By E. Gwinner (auth.), Professor Dr. Eberhard Gwinner (eds.)
E. GWINNER! The phenomenon of chook migration with its huge scale dimensions has attracted the eye of naturalists for hundreds of years. around the globe billions of birds go away their breeding grounds each autumn emigrate to parts with seasonally extra desire capable stipulations. a lot of those migrants shuttle in basic terms over a number of hundred kilo meters yet others disguise distances reminiscent of the circumference of the earth. between those long-distance migrants are numerous billion birds that invade Africa each autumn from their West and important Palaearctic breeding components. within the Americas and in Asia the scope of chook migration is of an identical value. simply as striking because the numbers of birds are their achievements. they must take care of the big vigorous charges of long-distance flying. really whereas crossing oceans and deserts that don't enable replenishment of depleted fats reserves. they need to competently time the onset and finish of migrations. either on a regular and annual foundation. and at last. they need to orient their migratory activities in area to arrive their species- or population-specific wintering and breeding grounds, regardless of the variable weather conditions alongside their migratory routes.
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Additional info for Bird Migration: Physiology and Ecophysiology
Academic Press. London Guzman J. finus). when over the outer continental shelf of the Gulf of Alaska and Bering Sea during the northern summer (1975-76). In: Outer Cont Shelf Envir Assess Prog Fin Rep Prine Invest 54. pp 571-682 Haftorne S (1971) Norges fugler. U niversitetsforlaget. Trondheim Haila Y (1980) Delayed autumn migration of waterfowl in the northern Baltic. Ornis Fenn Suppl 3:41-43 Haila Y. Tiainen J. VepsaHiinen K (1986) Delayed autumn migration as an adaptive strategy of birds in northern Europe: evidence from Finland.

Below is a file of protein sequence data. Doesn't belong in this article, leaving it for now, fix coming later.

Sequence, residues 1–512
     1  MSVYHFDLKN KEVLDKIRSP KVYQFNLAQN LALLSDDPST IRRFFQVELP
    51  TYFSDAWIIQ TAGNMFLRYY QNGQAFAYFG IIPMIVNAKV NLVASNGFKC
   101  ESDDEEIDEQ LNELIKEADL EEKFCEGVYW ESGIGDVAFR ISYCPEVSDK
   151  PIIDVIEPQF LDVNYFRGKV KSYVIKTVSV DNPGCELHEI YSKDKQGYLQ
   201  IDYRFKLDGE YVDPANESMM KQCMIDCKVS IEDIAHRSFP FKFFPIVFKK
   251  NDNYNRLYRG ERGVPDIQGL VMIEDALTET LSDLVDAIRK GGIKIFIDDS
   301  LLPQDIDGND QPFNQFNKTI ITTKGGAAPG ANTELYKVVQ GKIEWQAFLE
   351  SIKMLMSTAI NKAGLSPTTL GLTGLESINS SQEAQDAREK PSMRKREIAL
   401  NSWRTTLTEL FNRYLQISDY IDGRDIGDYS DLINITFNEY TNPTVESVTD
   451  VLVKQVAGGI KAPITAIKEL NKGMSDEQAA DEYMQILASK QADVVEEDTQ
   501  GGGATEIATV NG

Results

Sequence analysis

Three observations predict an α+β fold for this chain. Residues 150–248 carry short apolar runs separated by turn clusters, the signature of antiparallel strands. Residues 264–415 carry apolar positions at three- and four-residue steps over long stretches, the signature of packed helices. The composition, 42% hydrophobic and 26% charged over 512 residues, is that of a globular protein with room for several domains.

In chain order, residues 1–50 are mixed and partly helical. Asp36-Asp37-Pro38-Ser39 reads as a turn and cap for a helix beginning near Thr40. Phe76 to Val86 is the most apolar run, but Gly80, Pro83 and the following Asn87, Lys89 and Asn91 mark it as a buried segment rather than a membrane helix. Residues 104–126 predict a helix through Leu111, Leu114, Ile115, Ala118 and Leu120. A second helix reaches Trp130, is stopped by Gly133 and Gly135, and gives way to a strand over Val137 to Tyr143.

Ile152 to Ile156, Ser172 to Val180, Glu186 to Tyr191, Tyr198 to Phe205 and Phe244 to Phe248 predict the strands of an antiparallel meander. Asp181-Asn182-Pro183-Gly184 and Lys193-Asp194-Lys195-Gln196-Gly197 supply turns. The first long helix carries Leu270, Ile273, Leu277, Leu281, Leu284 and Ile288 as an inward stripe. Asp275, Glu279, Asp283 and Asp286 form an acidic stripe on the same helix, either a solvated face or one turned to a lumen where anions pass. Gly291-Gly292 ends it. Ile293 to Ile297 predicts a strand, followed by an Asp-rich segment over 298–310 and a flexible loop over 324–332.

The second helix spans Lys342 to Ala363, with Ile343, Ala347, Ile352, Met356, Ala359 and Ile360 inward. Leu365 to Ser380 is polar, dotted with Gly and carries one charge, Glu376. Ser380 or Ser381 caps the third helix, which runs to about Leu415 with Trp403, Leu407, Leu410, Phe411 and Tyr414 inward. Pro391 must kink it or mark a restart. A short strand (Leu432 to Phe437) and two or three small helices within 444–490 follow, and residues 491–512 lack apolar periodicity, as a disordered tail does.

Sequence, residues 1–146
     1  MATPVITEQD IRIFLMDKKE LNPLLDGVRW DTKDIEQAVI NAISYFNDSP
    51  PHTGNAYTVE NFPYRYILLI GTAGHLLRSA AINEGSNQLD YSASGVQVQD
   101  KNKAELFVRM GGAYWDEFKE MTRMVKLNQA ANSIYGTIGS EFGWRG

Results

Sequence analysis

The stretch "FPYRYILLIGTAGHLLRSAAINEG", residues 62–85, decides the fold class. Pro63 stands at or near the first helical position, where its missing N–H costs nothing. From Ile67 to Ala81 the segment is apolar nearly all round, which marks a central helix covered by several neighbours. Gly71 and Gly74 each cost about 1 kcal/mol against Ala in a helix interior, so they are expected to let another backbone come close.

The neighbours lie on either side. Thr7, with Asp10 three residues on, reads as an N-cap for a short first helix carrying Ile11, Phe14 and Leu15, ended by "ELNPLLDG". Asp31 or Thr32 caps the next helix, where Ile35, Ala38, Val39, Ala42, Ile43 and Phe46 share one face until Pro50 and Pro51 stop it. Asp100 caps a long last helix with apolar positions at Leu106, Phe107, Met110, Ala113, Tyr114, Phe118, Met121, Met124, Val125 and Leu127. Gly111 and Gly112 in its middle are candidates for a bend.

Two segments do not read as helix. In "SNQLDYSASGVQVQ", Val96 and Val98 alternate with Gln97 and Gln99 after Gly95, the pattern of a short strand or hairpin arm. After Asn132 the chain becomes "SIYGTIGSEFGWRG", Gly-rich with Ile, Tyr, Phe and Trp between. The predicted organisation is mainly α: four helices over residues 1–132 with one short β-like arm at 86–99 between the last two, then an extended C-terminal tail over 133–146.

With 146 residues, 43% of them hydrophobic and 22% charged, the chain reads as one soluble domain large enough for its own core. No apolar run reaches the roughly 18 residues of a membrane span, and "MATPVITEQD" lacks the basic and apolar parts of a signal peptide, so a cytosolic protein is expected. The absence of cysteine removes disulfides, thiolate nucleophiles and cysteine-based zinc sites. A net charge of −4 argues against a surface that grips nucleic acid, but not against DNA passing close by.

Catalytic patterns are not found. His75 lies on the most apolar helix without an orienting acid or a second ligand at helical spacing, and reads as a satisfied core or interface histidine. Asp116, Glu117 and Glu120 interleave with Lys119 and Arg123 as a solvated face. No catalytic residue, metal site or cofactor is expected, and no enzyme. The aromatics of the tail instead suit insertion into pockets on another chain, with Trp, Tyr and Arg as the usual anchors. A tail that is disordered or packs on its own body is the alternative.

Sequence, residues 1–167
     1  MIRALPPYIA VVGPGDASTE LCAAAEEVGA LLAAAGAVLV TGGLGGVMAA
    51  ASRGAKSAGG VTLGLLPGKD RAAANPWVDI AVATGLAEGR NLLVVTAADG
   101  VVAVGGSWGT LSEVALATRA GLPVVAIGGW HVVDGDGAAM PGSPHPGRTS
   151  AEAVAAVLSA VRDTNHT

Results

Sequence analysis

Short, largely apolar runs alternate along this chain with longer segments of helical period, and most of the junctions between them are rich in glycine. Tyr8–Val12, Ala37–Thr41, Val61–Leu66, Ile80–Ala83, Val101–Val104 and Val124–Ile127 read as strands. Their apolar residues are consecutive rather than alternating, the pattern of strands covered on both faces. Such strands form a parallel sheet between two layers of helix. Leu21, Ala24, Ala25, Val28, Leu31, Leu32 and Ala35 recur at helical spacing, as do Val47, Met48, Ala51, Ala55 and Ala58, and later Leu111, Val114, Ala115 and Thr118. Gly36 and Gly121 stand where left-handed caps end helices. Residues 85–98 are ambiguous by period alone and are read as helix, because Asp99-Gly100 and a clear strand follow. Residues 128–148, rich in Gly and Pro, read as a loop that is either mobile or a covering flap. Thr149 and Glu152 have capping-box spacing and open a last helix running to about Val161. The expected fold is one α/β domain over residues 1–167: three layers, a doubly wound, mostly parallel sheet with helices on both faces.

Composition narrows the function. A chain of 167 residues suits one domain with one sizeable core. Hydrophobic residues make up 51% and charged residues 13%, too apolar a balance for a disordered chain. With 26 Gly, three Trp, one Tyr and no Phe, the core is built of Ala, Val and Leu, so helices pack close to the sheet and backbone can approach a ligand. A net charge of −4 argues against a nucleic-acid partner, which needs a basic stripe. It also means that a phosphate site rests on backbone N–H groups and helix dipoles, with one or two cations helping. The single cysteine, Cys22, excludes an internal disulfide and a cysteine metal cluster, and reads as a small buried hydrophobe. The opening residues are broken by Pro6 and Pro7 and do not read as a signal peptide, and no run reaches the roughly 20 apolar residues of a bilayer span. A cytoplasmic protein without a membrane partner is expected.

Bird Study 34: 155-159 Brassard G R (1971) The mosses of northern Ellesmere Island, Arctic Canada. I. Ecology and phytogeography. with an analysis for the Queen Elizabeth Islands. Bryologist 74:233-281 Brooks WS (1915) Notes on birds from east Siberia and arctic Alaska. Bull Mus Comp Zool 59:361-413 Brown RG B, Nettleship ON (1981) The biological significance of polynyas to arctic colonial seabirds. In: Stirling I. Cleator H (eds) Polynyas in the Canadian Arctic. Can Wildl Serv Occas Pap45:59-66 Brown RG B, Nettleship ON.
1974 in Barry 1982). Thus, given our current understanding of long-distance bird migrations, the distribution and number of Pleistocene refugia. the possible existence of an ice-free corridor to Beringia, and climate and weather patterns in the Nearctic (especially wind patterns in the late Pleistocene). it is probable that many birds migrated to the Arctic throughout the Pleistocene. 1 Palearctic The first detailed studies of bird migration were conducted in Europe. C. Mortensen first attached tarsus bands to birds in 1890 and subsequently determined the migration routes of northern pintails (A nus acuta) and several other species that nest in the Old World Arctic (Jespersen and Taning 1950).
Bird Migration: Physiology and Ecophysiology by E. Gwinner (auth.), Professor Dr. Eberhard Gwinner (eds.)